The Next Big Thing In Search Isn't Big
July 30, 2009
While Microsoft horse trades for search share, start-ups offer new ways to drill deep.
BURLINGAME, Calif. -- Microsoft isn't the first company to turn to Web portal Yahoo! in an effort to take its search service to a bigger audience. It is, however, the biggest company to do so. And that could mean the days of new search ideas springing out of academics' heads and into everyday life are coming to an end.
Just talk to former Lycos Chief Bob Davis. Davis tried to sell Web portal Lycos to Barry Diller's USA Networks, but the deal fell apart in 1999 in a cycle that somewhat echoed Microsoft's ( MSFT - news - people ) bid to buy all of Yahoo! ( YHOO - news - people ) last year. Ultimately, Davis led Lycos to a sale to Terra Networks of Spain in May 2000 for $5.4 billion.
The parallels don't end there. Early on, Davis says, much of the traffic to Lycos' search engine came from Yahoo! At first, the portal referred its users to the search service for free. Later on, Davis says, Lycos agreed to pay Yahoo! for those referrals. It's a deal that echoed the ones Yahoo! later struck with Inktomi, which it eventually purchased, and Google ( GOOG - news - people ), which vaulted the then-nascent search service into the mainstream.
Now it is mighty Microsoft--rather than some little-known start-up--that is counting on Yahoo! to do the same thing for its search service, Bing, as the Redmond, Wash.-based software vendor struggles to make headway against Google. Davis, now a partner at venture capital firm Highland Capital Partners, calls the arrangement a good one for Microsoft. "I think it's a great deal for Microsoft, a fantastic deal for Microsoft," Davis says. "It's probably a necessary deal for Yahoo!"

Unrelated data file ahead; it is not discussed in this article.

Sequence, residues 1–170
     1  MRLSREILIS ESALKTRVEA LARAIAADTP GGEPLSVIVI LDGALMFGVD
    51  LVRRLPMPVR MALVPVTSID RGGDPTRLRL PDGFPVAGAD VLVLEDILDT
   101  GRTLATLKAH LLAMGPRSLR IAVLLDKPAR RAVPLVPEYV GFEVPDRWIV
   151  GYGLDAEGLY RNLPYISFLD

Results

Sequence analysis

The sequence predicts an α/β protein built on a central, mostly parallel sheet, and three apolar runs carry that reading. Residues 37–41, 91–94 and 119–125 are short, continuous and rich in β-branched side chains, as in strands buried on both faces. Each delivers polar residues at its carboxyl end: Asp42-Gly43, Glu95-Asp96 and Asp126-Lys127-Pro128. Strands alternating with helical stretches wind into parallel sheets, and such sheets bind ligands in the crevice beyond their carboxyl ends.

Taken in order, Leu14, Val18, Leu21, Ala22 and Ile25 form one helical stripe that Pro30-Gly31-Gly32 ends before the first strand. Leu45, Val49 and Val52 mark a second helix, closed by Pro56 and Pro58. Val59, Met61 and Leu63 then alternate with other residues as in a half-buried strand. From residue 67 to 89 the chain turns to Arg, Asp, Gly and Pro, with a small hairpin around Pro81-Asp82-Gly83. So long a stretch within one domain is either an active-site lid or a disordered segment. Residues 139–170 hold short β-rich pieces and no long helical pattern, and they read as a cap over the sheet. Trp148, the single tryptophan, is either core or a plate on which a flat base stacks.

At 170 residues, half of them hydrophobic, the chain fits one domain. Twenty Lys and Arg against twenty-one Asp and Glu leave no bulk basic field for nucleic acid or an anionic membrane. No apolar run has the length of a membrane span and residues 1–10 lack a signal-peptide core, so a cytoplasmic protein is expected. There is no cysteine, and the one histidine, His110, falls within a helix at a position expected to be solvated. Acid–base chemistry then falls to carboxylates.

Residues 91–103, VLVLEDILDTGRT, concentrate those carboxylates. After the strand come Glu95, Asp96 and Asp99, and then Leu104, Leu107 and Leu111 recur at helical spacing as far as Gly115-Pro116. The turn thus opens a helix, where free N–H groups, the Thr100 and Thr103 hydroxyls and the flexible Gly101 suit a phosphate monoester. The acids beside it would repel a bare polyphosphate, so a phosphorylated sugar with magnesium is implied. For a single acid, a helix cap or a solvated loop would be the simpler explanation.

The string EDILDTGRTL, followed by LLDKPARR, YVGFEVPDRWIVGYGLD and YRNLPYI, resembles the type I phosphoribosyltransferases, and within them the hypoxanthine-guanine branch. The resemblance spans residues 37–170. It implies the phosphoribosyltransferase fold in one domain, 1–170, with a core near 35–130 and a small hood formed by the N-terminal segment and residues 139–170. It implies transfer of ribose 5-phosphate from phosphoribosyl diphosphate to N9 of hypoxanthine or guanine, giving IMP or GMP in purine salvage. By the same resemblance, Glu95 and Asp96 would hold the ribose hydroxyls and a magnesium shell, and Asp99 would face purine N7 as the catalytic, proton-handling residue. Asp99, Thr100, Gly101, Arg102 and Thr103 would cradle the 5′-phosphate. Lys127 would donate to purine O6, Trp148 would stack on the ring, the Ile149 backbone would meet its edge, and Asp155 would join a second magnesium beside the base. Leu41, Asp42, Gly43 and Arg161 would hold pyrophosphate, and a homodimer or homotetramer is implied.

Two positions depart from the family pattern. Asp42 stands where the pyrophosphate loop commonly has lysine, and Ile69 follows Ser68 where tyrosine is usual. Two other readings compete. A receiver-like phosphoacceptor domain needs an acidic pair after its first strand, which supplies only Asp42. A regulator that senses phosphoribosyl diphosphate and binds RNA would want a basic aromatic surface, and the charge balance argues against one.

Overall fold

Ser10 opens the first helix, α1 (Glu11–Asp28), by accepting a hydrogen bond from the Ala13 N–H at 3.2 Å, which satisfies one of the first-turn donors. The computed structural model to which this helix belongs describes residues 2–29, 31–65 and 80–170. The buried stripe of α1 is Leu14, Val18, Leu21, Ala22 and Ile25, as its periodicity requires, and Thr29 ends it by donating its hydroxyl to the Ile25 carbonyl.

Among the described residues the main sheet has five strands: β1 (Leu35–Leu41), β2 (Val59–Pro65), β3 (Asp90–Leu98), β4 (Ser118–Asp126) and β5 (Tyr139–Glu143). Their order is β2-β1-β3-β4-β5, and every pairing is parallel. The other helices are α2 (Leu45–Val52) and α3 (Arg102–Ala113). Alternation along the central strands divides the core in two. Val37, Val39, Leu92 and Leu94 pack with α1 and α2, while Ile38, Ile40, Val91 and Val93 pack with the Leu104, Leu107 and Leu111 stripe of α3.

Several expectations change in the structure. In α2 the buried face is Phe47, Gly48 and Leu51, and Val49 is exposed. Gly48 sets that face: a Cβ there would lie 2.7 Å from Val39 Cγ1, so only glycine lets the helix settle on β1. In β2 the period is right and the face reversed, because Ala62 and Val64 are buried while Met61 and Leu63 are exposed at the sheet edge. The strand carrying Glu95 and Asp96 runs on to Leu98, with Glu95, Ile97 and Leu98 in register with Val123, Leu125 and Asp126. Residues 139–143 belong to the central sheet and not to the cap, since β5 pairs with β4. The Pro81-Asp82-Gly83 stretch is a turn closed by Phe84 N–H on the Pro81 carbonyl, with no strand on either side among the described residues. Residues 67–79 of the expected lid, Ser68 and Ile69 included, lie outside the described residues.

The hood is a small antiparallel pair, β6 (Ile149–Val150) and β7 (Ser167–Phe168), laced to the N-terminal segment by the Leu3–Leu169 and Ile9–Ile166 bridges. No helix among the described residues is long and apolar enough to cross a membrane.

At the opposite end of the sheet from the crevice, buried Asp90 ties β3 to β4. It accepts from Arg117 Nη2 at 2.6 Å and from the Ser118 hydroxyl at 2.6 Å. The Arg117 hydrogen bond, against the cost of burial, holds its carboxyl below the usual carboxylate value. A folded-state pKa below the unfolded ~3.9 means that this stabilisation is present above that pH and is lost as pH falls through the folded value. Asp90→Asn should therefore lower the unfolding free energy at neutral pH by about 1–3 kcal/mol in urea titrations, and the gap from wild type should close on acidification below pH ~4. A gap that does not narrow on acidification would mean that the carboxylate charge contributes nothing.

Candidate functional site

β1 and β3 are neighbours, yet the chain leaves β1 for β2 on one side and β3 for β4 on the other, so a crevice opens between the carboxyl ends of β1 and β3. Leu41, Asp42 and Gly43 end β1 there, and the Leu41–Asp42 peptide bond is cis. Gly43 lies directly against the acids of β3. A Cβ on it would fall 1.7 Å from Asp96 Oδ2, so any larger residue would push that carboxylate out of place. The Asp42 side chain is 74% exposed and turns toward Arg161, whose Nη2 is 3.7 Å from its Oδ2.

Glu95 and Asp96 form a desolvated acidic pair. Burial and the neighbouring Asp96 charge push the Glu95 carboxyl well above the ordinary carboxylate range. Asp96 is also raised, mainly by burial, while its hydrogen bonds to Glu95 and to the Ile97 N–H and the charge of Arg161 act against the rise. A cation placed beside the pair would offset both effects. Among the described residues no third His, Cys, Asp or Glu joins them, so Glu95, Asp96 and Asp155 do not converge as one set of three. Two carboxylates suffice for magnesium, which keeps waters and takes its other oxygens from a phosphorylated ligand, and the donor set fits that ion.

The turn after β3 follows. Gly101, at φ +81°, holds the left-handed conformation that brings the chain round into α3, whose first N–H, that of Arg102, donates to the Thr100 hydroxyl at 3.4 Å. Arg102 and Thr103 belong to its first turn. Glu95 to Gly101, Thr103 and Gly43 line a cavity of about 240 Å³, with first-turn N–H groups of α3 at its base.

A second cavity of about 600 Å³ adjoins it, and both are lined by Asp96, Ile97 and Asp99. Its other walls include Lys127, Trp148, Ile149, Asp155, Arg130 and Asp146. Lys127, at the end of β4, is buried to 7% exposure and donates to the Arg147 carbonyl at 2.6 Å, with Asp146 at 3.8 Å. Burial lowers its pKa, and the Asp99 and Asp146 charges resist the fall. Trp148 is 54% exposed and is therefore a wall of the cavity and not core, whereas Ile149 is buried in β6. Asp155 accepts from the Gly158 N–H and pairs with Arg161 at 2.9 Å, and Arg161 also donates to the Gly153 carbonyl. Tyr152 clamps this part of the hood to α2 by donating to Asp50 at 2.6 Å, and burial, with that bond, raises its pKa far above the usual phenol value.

The deal, however, doesn't herald the arrival of any radical new technology for navigating the Web. In part, that's because the economics of remaking the way users search the Web have become so daunting. For starters, most users are now satisfied with the state of search technology, Davis says. Even assuming a start-up can develop a technology innovative enough to make a difference, the cost of indexing the Web--which now includes billions of pages--is far higher than it was a decade ago.
Davis sees opportunities for niche-oriented services that solve specific problems, however. Highland has invested in a company called FanSnap that lets users search for tickets to sporting events and concerts. Other niche search start-ups include Kayak in travel and Trulia in real estate. Such tailored search services can connect users with more relevant results than services that try to boil the entire Web down to a single search box.
FanSnap provides a good example of how that works. Search Google for Giants baseball tickets and you'll get a page of text listings with results from competing ticket vendors. However, "when fans are searching for tickets they don't really want a list of who is paying to be shown on the list or who is really good at search engine optimization," FanSnap Chief Executive Mike Janes says. "They want to see who has the tickets they want."
Unlike Google, FanSnap can tailor its results to the job at hand. Search for Giants tickets, and FanSnap delivers listings for upcoming games. Pick a game, and FanSnap takes you to results integrated into a map of the venue, AT&T Park. Now users can pick the price they want to pay, how many tickets they need and where they want to sit. Rather than indexing the Web, as Google does, FanSnap has integrated feeds from more than 50 ticket vendors into its service. It's both an easier problem than trying to index the entire Web from scratch, and a very different one.